Coffee associated with the opposite of death, according to new scientific study

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76 Responses to “Coffee associated with the opposite of death, according to new scientific study”

  1. Just_Ok says:

    No life without coffee

  2. Edgar says:

    At the amount of coffee I drink, I’m pretty far ahead of the opposite of dying :P

  3. Edgar says:

    At the amount of coffee I drink, I’m pretty far ahead of the opposite of dying :P

  4. awjt says:

    I’m in

  5. jackbird says:

    Do we get to talk about the “sexy girl in coffee beans” Photoshop disaster, too?

  6. Gordon McMillan says:

    Here’s the best writeup I’ve seen: 

    http://www.washingtonpost.com/blogs/ezra-klein/post/no-drinking-coffee-probably-wont-make-you-live-longer/2012/05/17/gIQA1Y36VU_blog.html?wprss=rss_ezra-klein

    As a ex-programmer (25+ years on a caffeine IV 12 hrs/ day) I’m now down to 2 cups / day.  Sometimes they let me out on Tuesdays.

    • BarBarSeven says:

      I am an ex-web developer (15+ years) & current full-time sysadmin off of coffee & I can’t agree more.

      Back in the pre-web & burgeoning web days of the mid-1990s I drank coffee like crazy. And paid the price.  My family also has a history of heart condition, so I needed to pay attention to this.  When I was drinking 2-3 cups of coffee a day I became sickly, pale & had horrible sleep patterns. I switched to decaf, then tea, then green tea & now herbal tea & life is better. But I still have the occasional caffeinated beverage, but I am far more aware of what it does to me, when I should have it & when I definitely shouldn’t.

      I have also read that an after meal cup of coffee is good because it helps stimulate the gall bladder.  But the same reaction can be had by drinking tea, having a teaspoon of some bitters or even having those mixed spices they have in Indian restaurants.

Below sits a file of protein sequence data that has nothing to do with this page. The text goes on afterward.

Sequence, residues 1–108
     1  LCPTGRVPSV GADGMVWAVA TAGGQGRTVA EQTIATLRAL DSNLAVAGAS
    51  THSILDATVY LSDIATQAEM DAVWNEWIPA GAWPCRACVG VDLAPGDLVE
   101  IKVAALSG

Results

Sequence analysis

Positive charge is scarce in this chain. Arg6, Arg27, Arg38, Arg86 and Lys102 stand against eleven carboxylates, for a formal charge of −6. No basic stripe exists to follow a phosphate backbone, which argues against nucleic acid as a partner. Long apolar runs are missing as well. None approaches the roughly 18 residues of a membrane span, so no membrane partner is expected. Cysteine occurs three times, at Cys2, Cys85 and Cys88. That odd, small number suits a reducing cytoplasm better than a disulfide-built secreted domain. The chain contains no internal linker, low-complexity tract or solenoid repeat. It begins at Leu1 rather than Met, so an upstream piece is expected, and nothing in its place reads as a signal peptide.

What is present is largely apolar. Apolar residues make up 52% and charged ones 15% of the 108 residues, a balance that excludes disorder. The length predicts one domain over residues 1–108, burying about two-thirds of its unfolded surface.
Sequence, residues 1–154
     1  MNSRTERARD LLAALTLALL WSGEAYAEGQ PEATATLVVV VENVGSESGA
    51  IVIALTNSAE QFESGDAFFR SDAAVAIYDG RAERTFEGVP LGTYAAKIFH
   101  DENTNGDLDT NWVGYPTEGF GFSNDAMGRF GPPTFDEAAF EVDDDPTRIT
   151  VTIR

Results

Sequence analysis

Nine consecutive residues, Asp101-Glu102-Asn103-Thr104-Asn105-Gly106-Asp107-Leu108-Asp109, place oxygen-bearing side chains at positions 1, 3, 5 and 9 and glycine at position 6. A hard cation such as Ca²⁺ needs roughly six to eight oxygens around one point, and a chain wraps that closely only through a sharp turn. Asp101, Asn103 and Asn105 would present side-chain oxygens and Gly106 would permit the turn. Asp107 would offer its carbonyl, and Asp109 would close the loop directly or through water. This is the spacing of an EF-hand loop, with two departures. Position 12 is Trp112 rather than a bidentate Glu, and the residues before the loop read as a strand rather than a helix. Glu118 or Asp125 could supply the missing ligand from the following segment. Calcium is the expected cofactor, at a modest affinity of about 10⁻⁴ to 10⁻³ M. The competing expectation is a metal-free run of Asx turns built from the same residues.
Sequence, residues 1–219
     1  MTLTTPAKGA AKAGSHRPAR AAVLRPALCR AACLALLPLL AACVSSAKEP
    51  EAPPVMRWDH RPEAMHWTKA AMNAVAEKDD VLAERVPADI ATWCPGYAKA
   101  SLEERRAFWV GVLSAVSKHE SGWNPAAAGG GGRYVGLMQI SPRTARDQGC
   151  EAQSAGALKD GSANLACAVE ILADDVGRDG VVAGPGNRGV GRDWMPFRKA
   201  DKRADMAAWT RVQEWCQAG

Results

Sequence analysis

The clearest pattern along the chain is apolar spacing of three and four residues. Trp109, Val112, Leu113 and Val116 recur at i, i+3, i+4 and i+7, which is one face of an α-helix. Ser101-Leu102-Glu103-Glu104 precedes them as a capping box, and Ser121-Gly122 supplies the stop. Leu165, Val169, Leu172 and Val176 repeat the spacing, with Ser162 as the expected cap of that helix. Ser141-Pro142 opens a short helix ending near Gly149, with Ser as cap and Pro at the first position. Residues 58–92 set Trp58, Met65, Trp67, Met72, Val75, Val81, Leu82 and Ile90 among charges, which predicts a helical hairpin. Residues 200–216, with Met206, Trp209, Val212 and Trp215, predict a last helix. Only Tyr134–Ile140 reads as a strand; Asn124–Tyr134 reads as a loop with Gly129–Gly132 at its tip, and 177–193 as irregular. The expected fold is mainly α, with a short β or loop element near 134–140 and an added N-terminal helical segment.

But if you drink coffee like crazy, I really doubt you are giving your internal system a break.  And some people also don’t know their limits. Not to mention the sheer size of cups of coffee in most places is just large.   If you are drinking more than 6 ounces per cup of coffee that should count as not a simple “cup” of coffee.

      Portions & excess.  That is the 21st century consumption problem.

      • millie fink says:

        Pretty similar to my negative reactions. I rarely even drink it because when I come done from the high when I do, my head feels hollow.  I also find that if I get addicted and drink it every day, I have to have something with it, something sweet. Up go the calories, and out goes my belly.

      • Jonathan Roberts says:

        Why did you switch to green tea? It has more caffeine per cup than coffee. On the other hand, I find it’s coffee’s acidity that affects me more than the caffeine.

          • Jonathan Roberts says:

            Yeah, I guess that doesn’t make any sense. I was trying to work out why I remembered that particular bit of false information, it may be from a page like this one  http://www.medicinalfoodnews.com/vol10/2006/green_tea.htm (not that particular page, it was a few years ago). I think the truth is that dry tea leaves contain more caffeine by weight, but as more coffee grounds go into a cup of coffee, there’s significantly more caffeine in coffee per cup. From what I can tell though, there’s more caffeine in green tea than you’d expect, often more than in black tea (depending on the website you look at, they all seem to state different quantities).

          • twianto says:

            Totally depends on the tea and how strong you brew it. Drink some generic teabag tea in the US, yeah, it’ll have the caffeine content of sawdust. Drink high-quality sencha in Japan (where you use like a heaped tablespoon of leaves per tiny cup) and it’ll make any espresso seem weak.

        • Antinous / Moderator says:

          Coffee has 108 mg of caffeine per 8 oz; green tea has 25.

        • awjt says: